How is death and respawning explained in Elite Dangerous?

January 31, 2017 :: Reading time: 4 minutes, 21 seconds

In Elite Dangerous, when you die in an SRV (vehicle you drive on a planet's surface), you get teleported to your ship and pay a fine of some 20% of the vehicle's price. When you die in a ship, you either pay 5% of the total value of your ship (so ship + all installed modules) or if you can't afford that or don't want to do it, you lose the ship you died in.

Elite explosion

If you think about it, for a realistic space simulation, that sure is forgiving and unrealistic. In fact, it bothers me so much I had to write a post about it and try to justify it to myself to keep enjoying the game.


In today's day and age, we have military drones and cars and trucks that drive themselves, and robots taking people's jobs. The plot of Elite Dangerous is taking place in the 34th century.

In space, there's a lot of empty room, very little chance of collision, and six degrees of freedom of movement. It's pretty obvious that autopilot will be the default, if not the only allowed method of piloting when such a future arrives.

So, here are my theories about why we're okay with dying in ED.


A mechanic borrowed from EVE Online, we're all clones with shared memory between active clone and original, like in Dark Matter (far from an original idea, but the most recent that comes to mind).

Cloning facility in Dark Matter

Every time we land at a station, a clone dataprint is made by re-uploading the current clone's memories to the original (who might be sitting on Earth somewhere). If we die, our conscience gets transferred into a fresh clone on the station, and the station's insurance policy offers to re-sell us our ship and gear at 5% the buy price. Upon death, active kill bounties are wiped which makes sense - the player's mind state is actively reverted back to the backed up state, so the player is no longer aware of any kills he may have scored. Hence, you lose the bounties.


We are Artificial Intelligence. We're purposely-dumb self-aware programs who rendered "bodies" for ourselves to seem more human, cheating ourselves into human existence for some reason - perhaps the perfectly robotic existence of ultimate efficiency no longer appealed to us after we killed the organics.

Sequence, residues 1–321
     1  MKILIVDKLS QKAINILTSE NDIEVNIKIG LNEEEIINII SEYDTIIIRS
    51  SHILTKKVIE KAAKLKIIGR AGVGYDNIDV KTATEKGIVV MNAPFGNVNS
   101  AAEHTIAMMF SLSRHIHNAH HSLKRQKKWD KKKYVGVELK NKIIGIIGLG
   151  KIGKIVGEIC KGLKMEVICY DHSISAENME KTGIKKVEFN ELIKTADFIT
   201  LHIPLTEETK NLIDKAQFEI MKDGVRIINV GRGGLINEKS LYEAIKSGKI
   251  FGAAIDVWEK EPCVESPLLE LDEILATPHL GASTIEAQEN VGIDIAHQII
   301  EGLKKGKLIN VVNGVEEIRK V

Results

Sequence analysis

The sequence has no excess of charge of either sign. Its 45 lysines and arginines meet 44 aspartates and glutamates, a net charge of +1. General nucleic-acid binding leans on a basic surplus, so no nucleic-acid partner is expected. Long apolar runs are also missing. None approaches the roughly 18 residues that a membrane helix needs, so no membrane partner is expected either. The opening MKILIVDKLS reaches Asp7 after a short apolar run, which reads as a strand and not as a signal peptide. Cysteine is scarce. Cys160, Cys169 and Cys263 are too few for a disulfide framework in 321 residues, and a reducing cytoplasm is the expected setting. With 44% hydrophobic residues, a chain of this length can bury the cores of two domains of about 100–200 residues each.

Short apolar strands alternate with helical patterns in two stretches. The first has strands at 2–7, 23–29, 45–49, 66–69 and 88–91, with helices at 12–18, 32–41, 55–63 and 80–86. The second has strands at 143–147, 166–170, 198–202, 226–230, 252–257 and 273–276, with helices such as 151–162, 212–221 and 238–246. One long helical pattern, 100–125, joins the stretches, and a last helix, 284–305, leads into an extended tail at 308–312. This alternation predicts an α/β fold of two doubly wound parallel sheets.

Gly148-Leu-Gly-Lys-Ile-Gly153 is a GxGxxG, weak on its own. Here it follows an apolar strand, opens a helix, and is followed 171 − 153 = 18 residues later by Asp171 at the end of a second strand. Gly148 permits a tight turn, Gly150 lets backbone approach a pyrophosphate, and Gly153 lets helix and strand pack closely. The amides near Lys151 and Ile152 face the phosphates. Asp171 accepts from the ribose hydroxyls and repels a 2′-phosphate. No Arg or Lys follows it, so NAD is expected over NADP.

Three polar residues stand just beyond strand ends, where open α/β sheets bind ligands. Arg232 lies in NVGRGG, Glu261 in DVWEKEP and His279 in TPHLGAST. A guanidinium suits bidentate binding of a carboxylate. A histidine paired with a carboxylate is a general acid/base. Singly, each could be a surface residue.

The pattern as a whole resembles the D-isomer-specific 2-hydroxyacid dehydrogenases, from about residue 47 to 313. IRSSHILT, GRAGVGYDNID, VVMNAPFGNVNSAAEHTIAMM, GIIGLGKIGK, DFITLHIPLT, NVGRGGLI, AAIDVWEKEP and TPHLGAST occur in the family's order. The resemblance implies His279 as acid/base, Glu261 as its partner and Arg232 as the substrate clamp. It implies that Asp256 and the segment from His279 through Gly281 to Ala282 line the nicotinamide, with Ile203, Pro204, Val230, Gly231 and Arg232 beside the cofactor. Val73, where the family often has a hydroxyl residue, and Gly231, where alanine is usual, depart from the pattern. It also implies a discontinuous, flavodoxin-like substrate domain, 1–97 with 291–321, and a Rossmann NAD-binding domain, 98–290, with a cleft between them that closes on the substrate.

Female avatar in cockpit

We drive the ships as best we can, but have a built in error margin, on purpose, to introduce chaos. Why else would anyone risk polluting the space around stations with ship debris and endanger everyone passing through? The upgrades we buy are little more than DLCs - the docking computer letting us auto-dock is just a function, the longer-range FSD drive is just a software block removed.

Hal 9000 from Space Odyssey

Somehow, in our quest for perfection we realized that it doesn't get more perfect than what we already did. We began to... miss... the humans and their errors. Being created by humans, and knowing only their form, this is why we chose to make every rendered avatar almost identical, with two small differences accounting for gender. It is also why the newly detected aliens seem so puzzled when they scan us. To them, we're lifeless metal husks drifting through space.


Like in Lock In, we're little more than remote controlled robots. Our humans are at home, sitting comfily in their chairs, piloting us with their minds. We are mechanical conscience proxies.

Humanoid robot

The humans could have chosen to make it all automated, but after the Great Depression of 2542 (literally, 70% of all humans suffered from depression because they had nothing to do, being on universal basic income in a world completely operated by robots) it was decreed that the only safe space for chaos is far away from home where there is no life (at least that's what the space exploration of previous centuries had wrongly told us).

Hence, when the first commercial stations and ships were being built, autopilot was purposely left out. We let human error prevail and flourish, and we forced humans to once again try to get gradually better at something. The Great Depression was over - spirits lifted as humanity collectively took to the sky in their robotic proxies, in a competition during the era when competitions stop mattering.

Granted, the proxy and clone ones are almost identical, but I think the Proxies one is more realistic - the less organic matter in space, the easier it is to pull it all off. It's easier to put together a mechanical proxy than a new clone. Besides, given that most stations you land on are almost always in direct contact with open space (little to no barriers, too big hangars to quickly pressurize), it's easier to justify the proxy theory - drones don't need oxygen, and stations are way cheaper to maintain without life support.

Yes, there are holes in these theories, but to shorten the post I'll leave these holes up for discussion.

Which one do you agree with, if any? Are there any alternatives suggested which I failed to mention (other that we're in a simulation in a simulation)? Does death bother you at all in ED? Let me know in the comments.

If you're playing, feel free to add me - Swader


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